Jolene Almendarez/Ithaca Voice

Editor’s Note: This is one of three stories being published today by the Ithaca Voice about the Tompkins County Sheriff’s Office.

See the other two stories here and here.

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Ithaca, N.Y. — The Tompkins County Sheriff’s Office told a guard accused of having a “romantic embrace” with an inmate that if the guard resigned he would not face criminal charges, according to District Attorney Gwen Wilkinson.

The sheriff’s office did so despite being told that sexual contact between an inmate and a guard constitutes a criminal offense, Wilkinson said. The district attorney’s office has now opened a criminal investigation into the guard’s conduct.

“A representative of the sheriff’s office told me that they made the decision to offer the corrections officer an opportunity to resign without them pressing charges,” Wilkinson said in an interview with the Ithaca Voice on Monday.

“The sheriff’s office felt that it was in the county’s best interest to get rid of the corrections officer and to avoid paying huge sums in salary during any administrative leave … Misguided as it was, that was their sincere reasoning.”

Wilkinson is currently personally leading an investigation of what was initially reported as a “romantic embrace” between an inmate and a corrections officer.

The incident was seen by two corrections officers from another county who were conducting an accreditation tour of the Tompkins County Jail, according to Sheriff Ken Lansing. (Wilkinson has not confirmed that the “romantic embrace” was a kiss; that description comes from Lansing.)

The corrections officer resigned soon after the incident and was quickly escorted out of the jail when seen, Lansing said.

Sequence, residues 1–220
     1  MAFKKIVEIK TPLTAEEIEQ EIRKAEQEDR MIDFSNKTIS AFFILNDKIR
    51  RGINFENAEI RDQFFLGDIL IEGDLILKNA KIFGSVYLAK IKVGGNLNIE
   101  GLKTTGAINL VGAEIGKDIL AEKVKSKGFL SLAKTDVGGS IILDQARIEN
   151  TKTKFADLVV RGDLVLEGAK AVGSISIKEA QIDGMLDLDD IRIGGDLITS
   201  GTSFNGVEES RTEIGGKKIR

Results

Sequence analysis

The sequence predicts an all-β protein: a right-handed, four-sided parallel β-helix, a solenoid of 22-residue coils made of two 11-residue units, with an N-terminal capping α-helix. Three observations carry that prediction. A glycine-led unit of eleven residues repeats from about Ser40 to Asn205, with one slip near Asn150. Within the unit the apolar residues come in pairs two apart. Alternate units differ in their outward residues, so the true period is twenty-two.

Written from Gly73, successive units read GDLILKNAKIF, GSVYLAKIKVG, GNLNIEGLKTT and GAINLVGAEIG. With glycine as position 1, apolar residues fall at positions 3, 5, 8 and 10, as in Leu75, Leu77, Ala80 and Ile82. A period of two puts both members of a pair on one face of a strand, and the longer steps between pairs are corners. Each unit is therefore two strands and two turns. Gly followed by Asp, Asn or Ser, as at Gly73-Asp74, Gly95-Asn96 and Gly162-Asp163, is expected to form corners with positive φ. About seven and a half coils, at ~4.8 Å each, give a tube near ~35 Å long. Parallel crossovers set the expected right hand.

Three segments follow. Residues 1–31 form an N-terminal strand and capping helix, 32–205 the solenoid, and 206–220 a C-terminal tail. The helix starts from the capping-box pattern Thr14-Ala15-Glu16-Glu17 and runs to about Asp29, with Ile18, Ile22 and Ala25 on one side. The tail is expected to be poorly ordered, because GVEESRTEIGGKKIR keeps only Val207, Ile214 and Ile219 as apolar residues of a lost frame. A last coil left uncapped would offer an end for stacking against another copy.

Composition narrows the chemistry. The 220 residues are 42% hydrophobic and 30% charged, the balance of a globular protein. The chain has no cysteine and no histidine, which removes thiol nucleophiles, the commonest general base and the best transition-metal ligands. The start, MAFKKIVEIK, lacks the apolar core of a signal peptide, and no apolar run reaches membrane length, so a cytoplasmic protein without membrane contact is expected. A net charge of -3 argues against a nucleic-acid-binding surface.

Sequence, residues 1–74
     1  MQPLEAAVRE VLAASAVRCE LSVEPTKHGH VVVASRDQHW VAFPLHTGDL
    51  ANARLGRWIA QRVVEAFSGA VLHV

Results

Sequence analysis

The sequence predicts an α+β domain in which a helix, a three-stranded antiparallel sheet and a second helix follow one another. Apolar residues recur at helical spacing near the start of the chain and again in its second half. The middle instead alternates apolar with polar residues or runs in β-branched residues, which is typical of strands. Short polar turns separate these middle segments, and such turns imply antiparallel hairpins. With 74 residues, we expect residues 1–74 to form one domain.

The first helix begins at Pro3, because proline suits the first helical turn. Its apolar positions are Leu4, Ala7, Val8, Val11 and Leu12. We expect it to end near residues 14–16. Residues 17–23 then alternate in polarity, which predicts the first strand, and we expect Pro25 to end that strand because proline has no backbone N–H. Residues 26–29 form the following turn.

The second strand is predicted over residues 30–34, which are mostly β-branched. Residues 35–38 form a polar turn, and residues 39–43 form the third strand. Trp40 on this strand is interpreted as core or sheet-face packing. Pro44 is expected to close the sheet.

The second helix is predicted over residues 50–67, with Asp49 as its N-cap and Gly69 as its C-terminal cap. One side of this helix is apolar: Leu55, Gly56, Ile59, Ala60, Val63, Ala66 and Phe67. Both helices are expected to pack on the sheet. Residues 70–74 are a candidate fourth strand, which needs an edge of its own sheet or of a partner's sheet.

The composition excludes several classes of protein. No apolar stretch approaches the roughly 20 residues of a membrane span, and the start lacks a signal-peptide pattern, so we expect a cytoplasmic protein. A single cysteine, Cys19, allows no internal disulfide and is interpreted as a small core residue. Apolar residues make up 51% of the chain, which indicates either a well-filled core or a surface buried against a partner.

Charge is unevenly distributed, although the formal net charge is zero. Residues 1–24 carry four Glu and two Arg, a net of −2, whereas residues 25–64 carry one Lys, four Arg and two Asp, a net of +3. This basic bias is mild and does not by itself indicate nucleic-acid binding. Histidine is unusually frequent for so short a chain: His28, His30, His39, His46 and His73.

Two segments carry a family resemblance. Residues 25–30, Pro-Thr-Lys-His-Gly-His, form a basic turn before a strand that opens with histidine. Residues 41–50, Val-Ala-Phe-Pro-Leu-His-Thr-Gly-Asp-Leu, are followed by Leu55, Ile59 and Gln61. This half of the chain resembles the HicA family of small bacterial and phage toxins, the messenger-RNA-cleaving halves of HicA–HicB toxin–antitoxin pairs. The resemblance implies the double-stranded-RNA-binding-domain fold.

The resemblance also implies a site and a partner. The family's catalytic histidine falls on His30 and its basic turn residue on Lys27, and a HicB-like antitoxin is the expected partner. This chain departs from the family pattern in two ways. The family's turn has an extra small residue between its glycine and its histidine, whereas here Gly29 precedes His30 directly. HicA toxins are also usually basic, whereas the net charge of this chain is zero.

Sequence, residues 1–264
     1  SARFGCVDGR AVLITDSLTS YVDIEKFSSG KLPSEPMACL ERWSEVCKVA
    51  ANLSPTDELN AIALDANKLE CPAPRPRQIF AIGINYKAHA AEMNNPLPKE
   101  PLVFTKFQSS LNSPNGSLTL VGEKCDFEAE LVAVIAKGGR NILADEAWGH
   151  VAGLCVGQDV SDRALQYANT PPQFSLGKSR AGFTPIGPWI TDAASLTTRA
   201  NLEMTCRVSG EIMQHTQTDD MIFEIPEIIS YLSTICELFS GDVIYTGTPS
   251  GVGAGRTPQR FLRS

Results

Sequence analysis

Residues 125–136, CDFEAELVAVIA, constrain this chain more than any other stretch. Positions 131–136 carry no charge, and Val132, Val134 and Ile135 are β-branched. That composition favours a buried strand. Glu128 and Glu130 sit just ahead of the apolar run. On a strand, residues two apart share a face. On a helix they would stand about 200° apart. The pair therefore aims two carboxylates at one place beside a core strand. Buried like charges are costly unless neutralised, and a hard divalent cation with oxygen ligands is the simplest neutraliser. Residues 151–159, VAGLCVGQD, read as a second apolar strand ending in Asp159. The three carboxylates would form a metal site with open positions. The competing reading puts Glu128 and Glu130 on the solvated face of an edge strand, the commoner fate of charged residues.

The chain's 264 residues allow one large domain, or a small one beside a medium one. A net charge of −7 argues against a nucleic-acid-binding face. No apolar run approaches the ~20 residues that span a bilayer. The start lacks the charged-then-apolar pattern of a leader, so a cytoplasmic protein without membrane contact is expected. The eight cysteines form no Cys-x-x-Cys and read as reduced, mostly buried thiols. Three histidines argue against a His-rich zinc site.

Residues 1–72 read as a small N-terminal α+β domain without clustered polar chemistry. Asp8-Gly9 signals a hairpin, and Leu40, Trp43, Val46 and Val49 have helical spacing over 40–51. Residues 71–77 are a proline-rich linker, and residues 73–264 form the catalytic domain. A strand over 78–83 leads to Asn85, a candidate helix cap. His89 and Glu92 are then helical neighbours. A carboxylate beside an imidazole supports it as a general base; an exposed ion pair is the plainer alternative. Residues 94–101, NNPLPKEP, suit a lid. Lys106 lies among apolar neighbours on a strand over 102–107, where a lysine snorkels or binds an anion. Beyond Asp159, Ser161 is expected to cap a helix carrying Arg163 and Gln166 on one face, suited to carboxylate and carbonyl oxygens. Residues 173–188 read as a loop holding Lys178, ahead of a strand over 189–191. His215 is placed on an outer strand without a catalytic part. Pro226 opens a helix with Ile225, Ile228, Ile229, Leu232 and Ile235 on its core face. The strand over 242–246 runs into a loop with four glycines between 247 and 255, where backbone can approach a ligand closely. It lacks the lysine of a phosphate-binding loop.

Wilkinson has said she learned about the incident by the office of County Administrator Joe Mareane.

See related: Tompkins D.A. to personally investigate ‘romantic embrace’ in jail

The Ithaca Voice received an anonymous call reporting the incident and directed questions to the county administrator at least two days before Wilkinson said she was told about what happened.

Lansing said he couldn’t speak to Wilkinson’s claim because he hadn’t been present at the sheriff’s office meeting where the punishment for the guard was discussed.

See related: Confronted with criticism, Tompkins sheriff cites conspiracy against him

“I wasn’t a part of that conversation, so I don’t know what was said or not said at that point in time because I wasn’t here and I wasn’t even in the office,” Lansing said.

Sheriff’s claims about DA

Last week, Wilkinson told the Ithaca Voice that she wasn’t sure why it took several days for her office to learn of the case.

Lansing disputed that in an interview on Monday, saying that someone in his department spoke with Assistant District Attorney Andrew Bonavia about it soon after it occurred.

“If (Bonavia) chose not to tell Gwen (Wilkinson) for some reason, so be it. But I don’t like the idea … that it sounds like we went off on our own,” Lansing said.

Lansing, while seeming to suggest the incident wasn’t criminal in nature, defended his office’s handling of the case.

“This was important; it was serious, just by the circumstances — not so much the law — and it had to be addressed,” he said. “And we had to address it and they did address it immediately.”

Lansing added, in an apparent Monica Lewinsky reference: “It’s very serious. But crime-wise, is it serious? It’s not (Bill) Clinton,” he added, laughing.

Jolene Almendarez/Ithaca Voice
Jolene Almendarez/Ithaca Voice

However, the district attorney said this account from the sheriff was also a misrepresentation of the facts and the law.

Wilkinson said that at a meeting at the sheriff’s office on Friday, sheriff’s office personnel agreed with Bonavia’s interpretation of the events.

According to Wilkinson, the sheriff’s office staff acknowledged that Bonavia — who was also at the Friday meeting — was asked about whether certain acts would constitute a crime, but not about an ongoing criminal investigation.

“We discussed the issue of their consultation with one of the assistant district attorneys. The sheriff staff member acknowledged that he called the ADA to inquire whether the fact pattern constituted a crime, and he acknowledged that we told him it did,” Wilkinson said.

“…We did not receive a follow-up request from them to help with the drafting up of charges, and they acknowledged that they did not re-contact us or press charges themselves.”

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Jeff Stein is the founder and former editor of the Ithaca Voice.